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News - BBC Farming News

Farming Today

http://www.bbc.co.uk/programmes/b006qj8q

Hepatitis E in pork, Quinoa harvest, Crop genetics, Floating windfarms

Another knock to public confidence in food safety after it's revealed thousands may have contracted hepatitis E from imported ham and sausage. British pig farmers react. The world's first floating offshore wind farm has arrived in the waters off North East Scotland. Scientists at the John Innes Centre have been trying to untangle the genetics that control and regulate yield and believe they've made a breakthrough. And the quinoa harvest in the West Country. Presented by Caz Graham and produced in Bristol by Beatrice Fenton.


http://www.bbc.co.uk/programmes/b091s7ws

Harvest overview, Agricultural retail, A play called Cow

Bill Clark at the National Institute of Agricultural Botany talks to Sybil Ruscoe about how this year's harvest is going for farmers across the country and why the varying weather in the North and South of England has made such a difference to yields. Farm supply stores are struggling, despite being more than just a shop for many consumers. Suzie Horne from Farmers Weekly explains some of the reasons why this sector is coming under pressure. A play called 'Cow' at the Edinburgh Fringe Festival is exploring issues like isolation in the countryside, farm safety, second homes and falling farm incomes. Nancy Nicolson's been to meet the creator of this one-woman show, Jessica Barker-Wren. Presenter: Sybil Ruscoe Producer: Toby Field.


http://www.bbc.co.uk/programmes/b091s7sx

Farming Today This Week: Farming in Scotland

Farming Today This Week's summer series, shining a light on food and farming practices in different regions of the UK, finishes up in Scotland - more specifically, at the bustling Lairg lamb sale. Nancy Nicolson soaks up the atmosphere and chats to auctioneer David Leggat, who's sold lambs at the site for decades, about the current market for sheep farmers and buyers; John Fyall, chair of the National Sheep Association in Scotland about industry's dependence on European markets and recent calls for lynx to be released in several sites across Scotland; Joyce Campbell, a farmer and entrepreneur based in North Sutherland, who also sits on the new government task-force focusing on women in agriculture; and buyer John Roberts, who's travelled to the sale all the way from North Wales. Nancy also finds out more about the ingredients that go into Scotch whisky - not all of which are sourced from Scotland - with farmer Gordon Rennie, discusses the world of crofting with Crofting Federation chairman Russell Smith, and hears from reporter Richard Baynes on government plans to give the country's wild beavers protected status.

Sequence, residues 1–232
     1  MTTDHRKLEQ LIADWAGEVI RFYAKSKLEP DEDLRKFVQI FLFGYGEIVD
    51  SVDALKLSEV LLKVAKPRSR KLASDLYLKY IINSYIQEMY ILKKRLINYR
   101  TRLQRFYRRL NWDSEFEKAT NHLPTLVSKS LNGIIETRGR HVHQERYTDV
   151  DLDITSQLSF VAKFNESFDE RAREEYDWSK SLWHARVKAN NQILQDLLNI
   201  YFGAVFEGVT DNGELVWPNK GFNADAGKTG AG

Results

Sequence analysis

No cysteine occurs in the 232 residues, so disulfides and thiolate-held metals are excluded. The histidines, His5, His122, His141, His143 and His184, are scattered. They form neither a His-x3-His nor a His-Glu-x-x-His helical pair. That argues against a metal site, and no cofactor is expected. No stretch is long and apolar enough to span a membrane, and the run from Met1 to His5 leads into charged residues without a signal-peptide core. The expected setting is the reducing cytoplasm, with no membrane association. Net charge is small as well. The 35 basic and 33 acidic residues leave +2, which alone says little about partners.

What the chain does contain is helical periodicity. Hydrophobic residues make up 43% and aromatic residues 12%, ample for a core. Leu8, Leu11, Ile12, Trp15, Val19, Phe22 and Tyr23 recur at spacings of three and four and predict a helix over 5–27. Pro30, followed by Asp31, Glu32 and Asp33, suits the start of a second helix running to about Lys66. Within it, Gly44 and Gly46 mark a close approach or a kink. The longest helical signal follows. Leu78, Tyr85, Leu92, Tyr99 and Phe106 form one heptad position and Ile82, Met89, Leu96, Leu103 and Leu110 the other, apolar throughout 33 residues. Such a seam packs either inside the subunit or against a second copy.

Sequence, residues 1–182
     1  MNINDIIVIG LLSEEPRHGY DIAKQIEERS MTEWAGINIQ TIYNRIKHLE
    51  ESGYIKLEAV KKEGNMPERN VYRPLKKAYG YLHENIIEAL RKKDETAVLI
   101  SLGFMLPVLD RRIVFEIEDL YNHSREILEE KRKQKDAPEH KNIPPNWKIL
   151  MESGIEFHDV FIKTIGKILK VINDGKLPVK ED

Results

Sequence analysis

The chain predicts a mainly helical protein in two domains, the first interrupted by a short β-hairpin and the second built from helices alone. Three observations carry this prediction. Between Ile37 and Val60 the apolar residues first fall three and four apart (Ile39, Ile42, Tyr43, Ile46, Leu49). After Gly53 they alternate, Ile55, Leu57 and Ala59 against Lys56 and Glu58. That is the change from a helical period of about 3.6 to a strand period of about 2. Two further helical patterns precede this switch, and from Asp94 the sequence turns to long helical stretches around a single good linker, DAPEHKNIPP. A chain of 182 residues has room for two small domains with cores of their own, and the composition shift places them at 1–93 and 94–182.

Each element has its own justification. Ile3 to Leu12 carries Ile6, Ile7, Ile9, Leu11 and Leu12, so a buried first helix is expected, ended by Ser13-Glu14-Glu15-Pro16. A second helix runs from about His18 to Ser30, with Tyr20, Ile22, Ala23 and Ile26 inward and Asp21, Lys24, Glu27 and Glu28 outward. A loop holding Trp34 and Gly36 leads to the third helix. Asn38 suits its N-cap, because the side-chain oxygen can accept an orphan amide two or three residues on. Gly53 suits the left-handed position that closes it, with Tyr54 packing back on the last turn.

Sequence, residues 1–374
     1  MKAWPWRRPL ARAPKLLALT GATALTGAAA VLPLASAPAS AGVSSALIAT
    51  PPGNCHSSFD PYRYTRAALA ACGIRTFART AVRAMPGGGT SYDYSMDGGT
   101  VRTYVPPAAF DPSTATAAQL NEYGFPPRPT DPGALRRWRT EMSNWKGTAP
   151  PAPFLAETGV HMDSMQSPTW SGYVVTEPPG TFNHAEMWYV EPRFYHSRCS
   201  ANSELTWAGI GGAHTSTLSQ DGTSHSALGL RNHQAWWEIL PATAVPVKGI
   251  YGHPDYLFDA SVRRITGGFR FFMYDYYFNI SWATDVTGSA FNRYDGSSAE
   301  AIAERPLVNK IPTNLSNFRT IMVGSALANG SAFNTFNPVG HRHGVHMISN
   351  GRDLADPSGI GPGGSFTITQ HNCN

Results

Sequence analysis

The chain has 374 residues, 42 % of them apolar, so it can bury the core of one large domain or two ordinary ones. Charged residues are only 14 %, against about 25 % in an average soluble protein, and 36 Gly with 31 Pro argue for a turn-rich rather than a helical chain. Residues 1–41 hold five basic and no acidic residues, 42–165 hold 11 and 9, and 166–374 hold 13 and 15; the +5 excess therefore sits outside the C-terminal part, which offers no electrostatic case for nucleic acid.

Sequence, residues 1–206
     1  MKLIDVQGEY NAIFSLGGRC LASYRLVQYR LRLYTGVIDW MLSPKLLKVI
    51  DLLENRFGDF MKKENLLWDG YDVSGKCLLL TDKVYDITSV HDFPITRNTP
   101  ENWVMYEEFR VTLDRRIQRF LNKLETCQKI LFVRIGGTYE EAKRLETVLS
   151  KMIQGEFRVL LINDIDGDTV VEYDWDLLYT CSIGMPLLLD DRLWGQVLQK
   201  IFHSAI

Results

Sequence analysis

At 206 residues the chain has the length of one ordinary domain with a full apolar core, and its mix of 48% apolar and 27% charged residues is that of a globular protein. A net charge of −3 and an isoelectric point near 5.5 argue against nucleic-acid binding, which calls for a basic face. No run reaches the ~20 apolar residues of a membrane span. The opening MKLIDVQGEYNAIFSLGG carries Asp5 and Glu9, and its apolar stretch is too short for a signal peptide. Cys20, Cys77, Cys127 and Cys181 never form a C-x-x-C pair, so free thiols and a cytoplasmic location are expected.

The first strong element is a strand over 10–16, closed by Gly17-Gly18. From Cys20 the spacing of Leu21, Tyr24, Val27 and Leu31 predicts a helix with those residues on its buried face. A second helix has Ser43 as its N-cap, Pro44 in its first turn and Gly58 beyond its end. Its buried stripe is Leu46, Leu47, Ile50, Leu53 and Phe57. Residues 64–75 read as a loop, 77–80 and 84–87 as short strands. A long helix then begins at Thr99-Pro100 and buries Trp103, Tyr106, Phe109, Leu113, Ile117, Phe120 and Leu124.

http://www.bbc.co.uk/programmes/b090vdqm

Hydroponics champion, Sustainable Scottish farms, Livestock trade

Sybil Ruscoe speaks to Adam Dixon about his hydroponic growing system which has led to him being short-listed for the European title of United Nations Environment Programme Young Champion of the Earth. Nancy Nicolson reports on a project in Scotland which aims to put a value on the link between farming and the environment. The UK Livestock Brexit Group is calling for the Government to get cracking with new global trade deals to take advantage of the opportunities when the UK leaves the European Union. Their Chairman Chris Dodds explains why. Presenter: Sybil Ruscoe Producer: Toby Field.


http://www.bbc.co.uk/programmes/b090vdjy

New report on Brexit and farming, Volunteer shepherds, Beavers

A new scientific report from the Agri-Food and Biosciences Institute in Belfast examines the potential effects that Brexit may have on farming, and it makes for tough reading for sheep farmers. BBC Northern Ireland Agriculture Reporter Elaine Mitchell talks through the various outcomes and explores the impact of recent Government discussions regarding trade between Northern Ireland and the Republic of Ireland. Mariclare Carey-Jones reports on the volunteer shepherds who are taking to the hills on behalf of Gwent Wildlife Trust. Beavers - a joy to some, a pest to others. Richard Baynes reports on plans to make these divisive creatures a protected species in Scotland. Presenter: Sybil Ruscoe Producer: Toby Field.


http://www.bbc.co.uk/programmes/b090vddz

Dairy farmers speak out in reaction to BBC 1's Countryfile, Scotch whisky, Cotswold Way online

Dairy farmers speak out in reaction to BBC 1's Countryfile, which reported that thousands of bull calves in dairy herds are being shot at birth. Farmers say it's just not the case. We hear from the programme's producer. Not all Scotch whisky is made with Scottish grain, and one Fife farmer believes it's time the industry was honest about the provenance ofthe ingredients on the bottle's label. Walking routes such as the Cotswold Way in the west country have now been photographed and uploaded to Google Street View. Presented by Caz Graham and produced by Beatrice Fenton.


http://www.bbc.co.uk/programmes/b090vdb7